Benzodiazepines: the Anti-Anxiety Medication that Causes Anxiety

With anxiety disorders being diagnosed every day, doctors are prescribing benzodiazepines, or “benzos,” more often every day in order to alleviate the panic and anxiety.
Your chest feels tight. Your mind is racing and your heart is beating rapidly. You are having a panic attack. With all the highly stressful circumstances we put ourselves through, panic and anxiety are being experienced at a more drastic level than ever.

Common brand names for benzodiazepines and their differences:

 • Ativan/Lorazepam: the fast acting benzodiazepine that stays in your system for 9-20 hours

 • Klonopin/Clonazapam: the longer acting benzodiazepine, also referred to as “k-pins” that stays in your system as long as 50 hours

 • Xanax/Alprazolam: the most commonly abused benzodiazepine which has a street name of “zany bars” and stays in your system up to 20 hours

 • Valium/Diazepam: this benzodiazepine is commonly given to detox patients to help wean them off of benzodiazepines or alcohol and stays in the body as long as 47 hours

These are just a few of the benzodiazepines that are commonly prescribed; however, there are several more, so being aware of them before accepting them from a doctor is important. Benzodiazepines are helpful for short-term use; however, using them long term puts presents many risks. Beware of the harm that can come from using benzodiazepines:

 • Tolerance: it can be very easy to build a tolerance to benzos, even after using the medication daily for just several weeks. When you have a tolerance to a drug, your body needs a higher dose of it for it to remain as effective as it originally was.

 • Dependence: Tolerance leads to dependence. This is when you are no longer taking the medication just for what is originally prescribed for; but because you have to because the absence of the drug from your system will send you into withdrawals.

 • Addiction: This is when you are finding yourself taking more than prescribed, often for recreational purposes.

Managing with an addiction or tolerance to benzos can be an exhausting feat which can lead you to eventually buying them from street drug dealers just to keep up with the body’s demand for the drug. Long-term use can also result in nausea, foggy thinking, memory loss including early onset dementia or amnesia, headaches, depression, frequent fatigue, sleep problems, changes in personality, aggression, the inability to act properly in social situations, and trouble at work or school.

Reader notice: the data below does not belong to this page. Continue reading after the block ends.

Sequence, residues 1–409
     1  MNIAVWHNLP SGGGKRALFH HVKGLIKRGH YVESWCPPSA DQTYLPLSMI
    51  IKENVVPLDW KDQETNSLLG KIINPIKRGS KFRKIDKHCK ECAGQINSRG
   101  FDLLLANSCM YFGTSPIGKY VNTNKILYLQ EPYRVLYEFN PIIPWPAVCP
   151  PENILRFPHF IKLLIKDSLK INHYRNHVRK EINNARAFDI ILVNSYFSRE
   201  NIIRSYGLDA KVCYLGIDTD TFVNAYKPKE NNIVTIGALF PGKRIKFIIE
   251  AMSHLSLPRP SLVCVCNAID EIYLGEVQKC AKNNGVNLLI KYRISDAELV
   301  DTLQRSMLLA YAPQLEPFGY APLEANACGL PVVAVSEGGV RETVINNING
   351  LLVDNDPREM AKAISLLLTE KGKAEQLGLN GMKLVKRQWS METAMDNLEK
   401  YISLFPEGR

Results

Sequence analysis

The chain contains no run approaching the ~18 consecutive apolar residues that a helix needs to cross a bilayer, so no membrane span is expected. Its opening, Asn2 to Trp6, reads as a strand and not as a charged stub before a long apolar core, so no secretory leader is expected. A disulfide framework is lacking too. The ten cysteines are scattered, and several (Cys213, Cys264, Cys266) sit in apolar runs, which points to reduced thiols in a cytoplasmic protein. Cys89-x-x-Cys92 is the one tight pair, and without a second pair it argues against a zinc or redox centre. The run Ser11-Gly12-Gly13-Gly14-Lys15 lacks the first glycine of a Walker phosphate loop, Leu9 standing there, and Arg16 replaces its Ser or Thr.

Some doctors compare 1 milligram of Ativan to one shot of vodka. Doctors make this comparison because benzodiazepines react on the brain similarly. Both substances work on the GABA receptors in the brain, as well as the central nervous system. The three types of GABA in the brain are GABA-A, GABA-B, and GABA-C. Benzodiazepines act on GABA-A receptors which allows for its anti-anxiety, anti-seizure, and sedation effects.

If you are experiencing benzodiazepine dependence or addiction, you will need to go to a medically managed detoxification facility to safely withdraw from them. Withdrawing at home with no medical supervision can be extremely dangerous, even life threatening.

Withdrawal symptoms include:

 • Insomnia

 • High anxiety

 • Depersonalization

 • Weakness

 • Seizures

 • Tremors

 • Panic attacks

 • Perspiration or flushing

 • Hallucinations

 • Nausea with or without vomiting

 • Headache

You may notice that anxiety and panic attacks are both listed. If that is why you were prescribed benzos in the first place, be warned that once you begin to withdrawal from benzodiazepines, you will have even higher levels of anxiety and more frequent panic attacks. This happens because your brain is so used to having the substance react on the GABA in the brain that without it will not operate properly. Keep in mind that benzodiazepines will not fix your anxiety, but they will mask it.

Be prepared for post-acute withdrawal syndrome, or PAWS, which occurs 7-14 days after your last dose. This is the withdrawal after the withdrawal. Many of the symptoms are the same; however, PAWS can last as long as two years. Finding a non-narcotic anti-anxiety medication that works for you will help you to get through the anxiety and panic that PAWS causes. Antihistamines can also work for anxiety.

The bottom line is to steer clear of using this highly addictive drug on a long-term basis. Remember that while this substance may work for a time, it will eventually have the reverse effects and cause more harm than good. If a doctor prescribes any narcotic to you, do your research so you know the risks of the medication before taking it.

Distributed by Client Initiatives

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Contact Person: David Burke
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State: California
Country: United States